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RSC book co-edited by Adam published

Adam has co-edited a book that has been published by the Royal Society of Chemistry (with Nick Westwood, St Andrews).  The book covers complementary approaches to the synthesis of many different classes of biomolecule: from fragments to large macromolecular complexes.  The book includes a chapter describing function-directed discovery approaches such as activity-directed synthesis that has been developed within the group.


Welcome

Welcome to the home page of Professor Adam Nelson's research group.  We are interested in synthetic organic chemistry and its application to biological problems.  Most of our work involves the development of new methods and strategies for discovering biologically-active small molecules.  Synthesis is an immensely powerful tool in Chemical Biology, which we exploit in the directed evolution of enzymes as tailored catalysts for synthetic chemistry, and in chemical genetics, where we discover and exploit new small molecular modulators of protein function.  Browse our research pages to find out more about what we do!

Our laboratories are superbly equipped for research at the interface between chemistry and biology.  We moved into newly refurbished laboratories in the School of Chemistry at Leeds, which provide 2m fume cupboards for each researcher.  We are located close to facilities for analytical and preparative HPLC, semi-preparative mass-directed HPLC, analytical LC-MS, IR, NMR (up to 600 MHz), automated synthesis and protein expression.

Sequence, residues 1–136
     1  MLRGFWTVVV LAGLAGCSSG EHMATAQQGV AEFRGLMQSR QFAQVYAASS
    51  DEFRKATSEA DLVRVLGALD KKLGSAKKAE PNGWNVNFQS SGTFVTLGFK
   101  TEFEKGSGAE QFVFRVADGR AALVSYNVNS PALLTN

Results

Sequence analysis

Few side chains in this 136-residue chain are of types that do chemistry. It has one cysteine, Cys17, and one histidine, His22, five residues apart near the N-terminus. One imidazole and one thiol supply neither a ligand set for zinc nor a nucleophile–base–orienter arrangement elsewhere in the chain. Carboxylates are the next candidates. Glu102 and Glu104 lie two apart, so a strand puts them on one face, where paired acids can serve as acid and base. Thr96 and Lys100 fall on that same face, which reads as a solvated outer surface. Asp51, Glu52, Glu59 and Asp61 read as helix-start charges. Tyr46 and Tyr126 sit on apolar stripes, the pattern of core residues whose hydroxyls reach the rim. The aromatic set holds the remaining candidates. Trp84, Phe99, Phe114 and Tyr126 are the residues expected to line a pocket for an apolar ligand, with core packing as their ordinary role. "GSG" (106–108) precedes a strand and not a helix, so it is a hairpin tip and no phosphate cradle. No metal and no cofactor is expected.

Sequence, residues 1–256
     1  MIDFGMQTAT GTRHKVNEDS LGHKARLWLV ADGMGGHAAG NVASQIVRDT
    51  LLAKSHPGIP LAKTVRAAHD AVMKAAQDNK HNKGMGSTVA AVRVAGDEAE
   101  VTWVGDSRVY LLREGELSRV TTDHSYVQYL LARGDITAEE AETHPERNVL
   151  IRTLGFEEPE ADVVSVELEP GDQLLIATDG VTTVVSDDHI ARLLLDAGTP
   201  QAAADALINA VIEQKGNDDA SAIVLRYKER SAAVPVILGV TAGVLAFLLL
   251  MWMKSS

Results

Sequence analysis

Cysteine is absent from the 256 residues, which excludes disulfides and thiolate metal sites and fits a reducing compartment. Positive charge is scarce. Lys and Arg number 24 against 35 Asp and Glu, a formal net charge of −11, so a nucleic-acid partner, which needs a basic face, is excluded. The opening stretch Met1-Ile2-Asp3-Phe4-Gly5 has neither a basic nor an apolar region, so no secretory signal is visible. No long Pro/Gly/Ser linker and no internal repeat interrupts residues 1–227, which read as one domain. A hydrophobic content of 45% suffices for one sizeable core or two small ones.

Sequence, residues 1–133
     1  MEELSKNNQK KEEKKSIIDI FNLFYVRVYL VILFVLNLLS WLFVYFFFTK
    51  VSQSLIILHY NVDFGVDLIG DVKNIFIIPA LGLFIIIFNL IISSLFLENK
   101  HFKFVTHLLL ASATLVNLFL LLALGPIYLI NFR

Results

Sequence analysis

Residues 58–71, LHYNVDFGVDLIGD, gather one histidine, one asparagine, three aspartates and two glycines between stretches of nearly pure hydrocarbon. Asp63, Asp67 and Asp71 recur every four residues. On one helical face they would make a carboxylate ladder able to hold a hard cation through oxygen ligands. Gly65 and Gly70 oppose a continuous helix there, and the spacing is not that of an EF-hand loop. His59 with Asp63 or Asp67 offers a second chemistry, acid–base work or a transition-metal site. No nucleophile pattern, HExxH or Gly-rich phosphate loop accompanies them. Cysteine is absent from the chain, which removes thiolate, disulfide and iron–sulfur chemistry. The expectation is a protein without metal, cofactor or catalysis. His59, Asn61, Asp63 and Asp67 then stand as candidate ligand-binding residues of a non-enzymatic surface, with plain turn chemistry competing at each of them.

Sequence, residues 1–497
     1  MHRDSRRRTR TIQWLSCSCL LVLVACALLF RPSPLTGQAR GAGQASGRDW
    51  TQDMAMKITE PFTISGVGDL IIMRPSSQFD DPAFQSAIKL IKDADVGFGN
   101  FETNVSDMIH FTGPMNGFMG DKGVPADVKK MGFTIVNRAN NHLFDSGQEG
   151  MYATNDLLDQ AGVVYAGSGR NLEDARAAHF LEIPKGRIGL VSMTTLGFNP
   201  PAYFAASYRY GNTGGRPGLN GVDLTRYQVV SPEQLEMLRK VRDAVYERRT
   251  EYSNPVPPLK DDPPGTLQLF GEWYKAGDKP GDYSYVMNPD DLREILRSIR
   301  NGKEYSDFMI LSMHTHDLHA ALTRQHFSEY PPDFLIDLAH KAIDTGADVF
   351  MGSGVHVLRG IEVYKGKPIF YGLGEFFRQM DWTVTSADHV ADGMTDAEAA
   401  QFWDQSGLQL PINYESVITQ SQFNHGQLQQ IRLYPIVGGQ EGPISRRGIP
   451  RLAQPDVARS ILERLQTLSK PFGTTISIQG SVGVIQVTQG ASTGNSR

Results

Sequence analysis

Professor Nelson is a member of the Astbury Centre for Structural Molecular Biology at the University of Leeds and holds a EPSRC Established Career Fellowship (2016-21).  He is an investigator on the EPSRC programme grant, PoPPI, that focuses on new tools to enable protein-protein interaction inhibitor discovery.

Current and recent research has been funded by EPSRC, BBSRC, the Wellcome Trust and industry (AstraZeneca, GlaxoSmithKline and Takeda).  Professor Nelson was awarded the RSC Meldola medal (2001), a Pfizer Academic Award (2002), an AstraZeneca Research award in Organic Chemistry (2005) and an RSC Corday-Morgan medal (2007).